Now of course the answers are important. But I don’t think they are quite as important as the process by which we come to arrive at them. Why do I ride? I don’t know for sure. A number of reasons. More importantly, why do I ride after hearing about a horrid wreck? The answer is simple. Because if I don’t ride I am affirming death. The passing of one rider should not be the passing of others. This is not to say that we should be reckless in our actions. It is one thing to affirm death and quite another to have a death-wish (*cough* squid*cough*). To move forward from such grim accidents, to affirm and embrace life for the living & dead, is to do so with an acute sense of conviction and passion for our actions. It is these very passions that make us human. To deny them, is the worst fatality of all. To affirm the loves, passions, and desires of those who have passed from us, (and those still here, too!), there really is only once choice; shift into 1st gear ASAP on your favorite road…and hope there will be no wrecks en route.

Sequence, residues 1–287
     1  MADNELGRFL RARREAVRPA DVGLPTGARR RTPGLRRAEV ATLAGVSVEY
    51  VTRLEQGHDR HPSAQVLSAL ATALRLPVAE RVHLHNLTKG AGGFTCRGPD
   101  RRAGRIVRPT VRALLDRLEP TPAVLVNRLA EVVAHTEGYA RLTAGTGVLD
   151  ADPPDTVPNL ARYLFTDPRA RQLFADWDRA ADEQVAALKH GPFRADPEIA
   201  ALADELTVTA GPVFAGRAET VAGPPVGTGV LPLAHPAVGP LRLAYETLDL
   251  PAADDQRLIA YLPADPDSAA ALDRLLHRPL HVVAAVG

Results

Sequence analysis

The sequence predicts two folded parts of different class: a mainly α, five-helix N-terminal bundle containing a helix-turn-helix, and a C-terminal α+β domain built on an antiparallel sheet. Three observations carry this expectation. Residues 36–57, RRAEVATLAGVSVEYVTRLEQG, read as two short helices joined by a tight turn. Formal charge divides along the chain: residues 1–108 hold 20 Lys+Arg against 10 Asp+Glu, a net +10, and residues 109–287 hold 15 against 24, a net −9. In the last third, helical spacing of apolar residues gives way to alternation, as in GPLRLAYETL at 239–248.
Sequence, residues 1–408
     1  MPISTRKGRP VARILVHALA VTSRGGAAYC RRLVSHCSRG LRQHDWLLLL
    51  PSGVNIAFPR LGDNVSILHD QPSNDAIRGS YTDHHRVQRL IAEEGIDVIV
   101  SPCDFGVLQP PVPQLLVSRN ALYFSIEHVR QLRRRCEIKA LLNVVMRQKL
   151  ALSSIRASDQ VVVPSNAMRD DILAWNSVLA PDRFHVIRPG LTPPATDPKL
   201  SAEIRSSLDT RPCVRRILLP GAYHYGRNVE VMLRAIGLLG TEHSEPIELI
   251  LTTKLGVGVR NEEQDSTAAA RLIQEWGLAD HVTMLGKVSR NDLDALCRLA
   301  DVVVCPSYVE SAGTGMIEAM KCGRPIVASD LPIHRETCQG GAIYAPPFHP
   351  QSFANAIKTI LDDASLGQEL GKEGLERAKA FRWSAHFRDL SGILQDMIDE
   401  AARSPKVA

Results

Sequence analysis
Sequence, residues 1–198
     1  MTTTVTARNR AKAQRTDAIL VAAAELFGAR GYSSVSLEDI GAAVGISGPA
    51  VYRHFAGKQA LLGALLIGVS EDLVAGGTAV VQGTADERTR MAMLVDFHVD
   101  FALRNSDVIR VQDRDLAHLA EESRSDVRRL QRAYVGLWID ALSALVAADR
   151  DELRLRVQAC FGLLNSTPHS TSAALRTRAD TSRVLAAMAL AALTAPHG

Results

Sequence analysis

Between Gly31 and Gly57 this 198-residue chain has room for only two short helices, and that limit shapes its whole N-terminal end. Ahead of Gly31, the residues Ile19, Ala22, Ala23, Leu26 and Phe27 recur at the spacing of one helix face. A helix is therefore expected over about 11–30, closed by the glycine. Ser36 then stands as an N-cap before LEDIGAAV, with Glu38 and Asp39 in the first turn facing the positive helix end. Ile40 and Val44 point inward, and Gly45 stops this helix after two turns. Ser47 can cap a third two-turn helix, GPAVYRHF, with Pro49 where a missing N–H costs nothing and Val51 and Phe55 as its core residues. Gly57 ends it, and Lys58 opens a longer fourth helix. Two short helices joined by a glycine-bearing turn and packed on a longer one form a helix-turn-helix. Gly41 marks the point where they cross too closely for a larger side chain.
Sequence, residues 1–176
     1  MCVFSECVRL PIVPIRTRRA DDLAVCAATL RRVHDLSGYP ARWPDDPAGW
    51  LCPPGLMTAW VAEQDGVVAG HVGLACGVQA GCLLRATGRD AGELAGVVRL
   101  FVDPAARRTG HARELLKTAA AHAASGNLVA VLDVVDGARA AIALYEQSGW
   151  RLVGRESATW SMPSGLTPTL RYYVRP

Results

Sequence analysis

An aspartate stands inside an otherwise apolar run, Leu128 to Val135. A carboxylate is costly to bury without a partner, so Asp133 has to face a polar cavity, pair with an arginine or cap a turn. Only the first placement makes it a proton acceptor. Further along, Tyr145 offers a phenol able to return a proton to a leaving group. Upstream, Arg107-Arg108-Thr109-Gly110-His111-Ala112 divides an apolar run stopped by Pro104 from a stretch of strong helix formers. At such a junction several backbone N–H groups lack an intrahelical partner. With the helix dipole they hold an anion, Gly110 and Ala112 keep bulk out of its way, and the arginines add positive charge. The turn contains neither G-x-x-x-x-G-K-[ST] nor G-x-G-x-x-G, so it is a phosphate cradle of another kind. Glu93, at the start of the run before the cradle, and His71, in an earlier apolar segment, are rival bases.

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In true objective reality, is life not just one long death? Why not make it the best death/life you can then? I think for many of us, biking helps to do that.
 

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I got a question? I don't try to ride dangerously, I ride the best I can and enjoy my bike and the time with my friends as much as I can. My family hollars at me everytime someone gets hurt, but watches me drive away each night, cause they know I love it. However, in numerous fights with my Girl and family, they tell me it is SELFISH to say that I assume the risks of ridin', what about the peoples lives I will affect if somthing happens to me? What do you think, is it selfish or .... I don't know? Never looked at it that way?